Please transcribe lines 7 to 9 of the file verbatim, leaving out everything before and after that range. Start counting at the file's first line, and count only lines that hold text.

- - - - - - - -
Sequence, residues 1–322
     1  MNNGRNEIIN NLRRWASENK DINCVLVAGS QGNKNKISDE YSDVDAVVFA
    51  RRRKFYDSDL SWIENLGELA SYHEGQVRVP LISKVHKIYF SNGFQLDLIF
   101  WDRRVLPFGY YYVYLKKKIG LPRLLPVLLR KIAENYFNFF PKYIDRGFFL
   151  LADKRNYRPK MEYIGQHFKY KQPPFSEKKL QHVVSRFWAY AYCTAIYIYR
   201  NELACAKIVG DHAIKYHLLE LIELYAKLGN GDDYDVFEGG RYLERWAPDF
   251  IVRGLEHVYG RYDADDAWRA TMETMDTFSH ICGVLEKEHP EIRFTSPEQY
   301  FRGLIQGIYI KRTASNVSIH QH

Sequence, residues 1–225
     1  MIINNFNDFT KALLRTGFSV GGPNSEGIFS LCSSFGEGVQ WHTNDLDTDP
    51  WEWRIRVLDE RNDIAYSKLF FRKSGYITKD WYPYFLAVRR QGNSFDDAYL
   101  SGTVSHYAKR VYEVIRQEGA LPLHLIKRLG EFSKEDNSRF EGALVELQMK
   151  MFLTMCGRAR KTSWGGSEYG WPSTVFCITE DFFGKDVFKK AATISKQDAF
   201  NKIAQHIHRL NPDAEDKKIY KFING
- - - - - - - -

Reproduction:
   251  IVRGLEHVYG RYDADDAWRA TMETMDTFSH ICGVLEKEHP EIRFTSPEQY
   301  FRGLIQGIYI KRTASNVSIH QH

Sequence, residues 1–225